Whether in the West or in the developing world, however, not all women are content to be employees. A growing number are emerging as entrepreneurs. These are people who choose, for their own account, to organize and manage the resources of their own companies and assume the financial risks inherent in doing so in the hope of eventually earning a profit. For low-income women, the primary motivation is to generate income. But for many women entrepreneurs, such other objectives as self-realization or doing something worthwhile are as important as profits. At one extreme, their enterprises may be as small as their own part-time work. At another, they may grow into such large enterprises as The Body Shop, an international chain of natural cosmetics with annual sales in excess of £500 million and founded by Anita Roddick.

This article discusses the contributions to society of entrepreneurs, both male and female, as well as key elements for their success. Because women in developing countries view access to credit as their greatest need, we shall also look at one man's response, then define the characteristics of women entrepreneurs and their companies in the wealthier nations. In this fast-changing developed world, some dynamic male-led companies are transforming their structure and functioning. One result is a convergence of a new model of management and the leadership style of women. Finally, we shall examine some of the particular challenges and difficulties faced specifically by women.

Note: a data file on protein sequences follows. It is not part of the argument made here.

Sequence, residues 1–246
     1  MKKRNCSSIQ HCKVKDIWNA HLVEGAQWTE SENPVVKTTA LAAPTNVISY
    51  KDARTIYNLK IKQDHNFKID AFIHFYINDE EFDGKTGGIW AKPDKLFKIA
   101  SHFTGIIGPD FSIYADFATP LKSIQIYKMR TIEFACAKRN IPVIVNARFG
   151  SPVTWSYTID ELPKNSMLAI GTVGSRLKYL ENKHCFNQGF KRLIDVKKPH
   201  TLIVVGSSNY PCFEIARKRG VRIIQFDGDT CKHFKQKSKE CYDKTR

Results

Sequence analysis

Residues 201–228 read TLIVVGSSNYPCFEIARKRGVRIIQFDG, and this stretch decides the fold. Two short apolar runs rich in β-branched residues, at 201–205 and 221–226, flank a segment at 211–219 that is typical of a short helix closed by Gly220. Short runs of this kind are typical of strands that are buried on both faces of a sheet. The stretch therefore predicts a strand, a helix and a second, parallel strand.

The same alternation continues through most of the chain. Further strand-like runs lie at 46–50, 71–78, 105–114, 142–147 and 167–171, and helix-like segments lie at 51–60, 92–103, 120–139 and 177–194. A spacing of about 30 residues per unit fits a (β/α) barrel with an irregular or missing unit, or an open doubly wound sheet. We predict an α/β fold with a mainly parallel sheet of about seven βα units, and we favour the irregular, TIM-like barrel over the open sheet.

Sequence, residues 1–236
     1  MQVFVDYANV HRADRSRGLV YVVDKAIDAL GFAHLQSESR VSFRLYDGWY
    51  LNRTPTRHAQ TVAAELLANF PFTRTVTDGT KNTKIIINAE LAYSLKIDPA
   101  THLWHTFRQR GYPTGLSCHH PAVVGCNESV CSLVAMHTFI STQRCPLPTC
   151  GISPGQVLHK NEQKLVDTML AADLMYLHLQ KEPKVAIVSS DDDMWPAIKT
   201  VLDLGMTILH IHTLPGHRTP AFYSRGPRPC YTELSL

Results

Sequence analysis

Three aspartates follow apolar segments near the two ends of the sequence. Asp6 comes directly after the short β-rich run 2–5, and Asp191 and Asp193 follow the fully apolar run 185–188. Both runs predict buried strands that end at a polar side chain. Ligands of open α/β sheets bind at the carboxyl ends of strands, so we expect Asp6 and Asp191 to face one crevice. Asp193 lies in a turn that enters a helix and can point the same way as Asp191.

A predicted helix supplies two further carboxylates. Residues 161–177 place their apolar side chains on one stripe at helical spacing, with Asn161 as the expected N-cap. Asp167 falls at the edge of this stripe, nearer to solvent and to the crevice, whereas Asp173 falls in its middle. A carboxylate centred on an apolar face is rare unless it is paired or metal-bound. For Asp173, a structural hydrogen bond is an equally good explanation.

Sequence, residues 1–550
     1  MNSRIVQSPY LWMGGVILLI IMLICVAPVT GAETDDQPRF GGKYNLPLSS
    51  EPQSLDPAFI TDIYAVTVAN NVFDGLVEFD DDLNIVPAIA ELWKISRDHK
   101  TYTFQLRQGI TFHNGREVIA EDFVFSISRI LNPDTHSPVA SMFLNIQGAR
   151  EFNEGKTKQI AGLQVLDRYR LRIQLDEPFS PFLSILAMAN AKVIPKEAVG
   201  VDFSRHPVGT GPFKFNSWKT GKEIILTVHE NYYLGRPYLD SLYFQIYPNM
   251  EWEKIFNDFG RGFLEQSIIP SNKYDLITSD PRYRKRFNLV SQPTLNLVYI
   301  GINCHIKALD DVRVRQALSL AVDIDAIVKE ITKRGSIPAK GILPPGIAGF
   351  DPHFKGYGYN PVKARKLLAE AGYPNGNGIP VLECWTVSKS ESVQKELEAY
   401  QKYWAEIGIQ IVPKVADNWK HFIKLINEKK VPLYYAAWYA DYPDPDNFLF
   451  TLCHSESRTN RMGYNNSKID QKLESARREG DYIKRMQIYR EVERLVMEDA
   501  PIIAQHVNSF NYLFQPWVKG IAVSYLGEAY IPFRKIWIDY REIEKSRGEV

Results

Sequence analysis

The economic impact of entrepreneurs

Entrepreneurs, both male and female, play a vital role in creating wealth and jobs. In the face of global competition, large manufacturers are "down-sizing" by reorganizing and laying off workers at an unprecedented rate. The resulting high levels of unemployment are of great political, social, and economic concern. And yet, in this unstable economic environment, entrepreneurial firms turn out to be creators of jobs. Firms with fewer than twenty employees provide a quarter of all jobs. And a growing number of these small, new companies are led by women. In the United States companies owned by women provide 12 million jobs, while the 500 largest firms, the so-called Fortune 500, employ slightly fewer: 11.7 million jobs. Furthermore, these Fortune 500 companies are shedding 200,000 to 300,000 employees each year.[2]

Entrepreneurs are innovators, and innovation stimulates general economic growth. Towns that once depended upon a single large manufacturer now recognize the wisdom of attracting small entrepreneurial companies. The resulting diversification contributes to the stability and resiliency of the local economy. Increased local ownership also adds stability, since people who live and work in a community and who serve their neighbors have a personal stake in its well-being. In addition, entrepreneurship is a means of providing economic opportunity for disadvantaged groups, including women, low-wage earners, and minorities.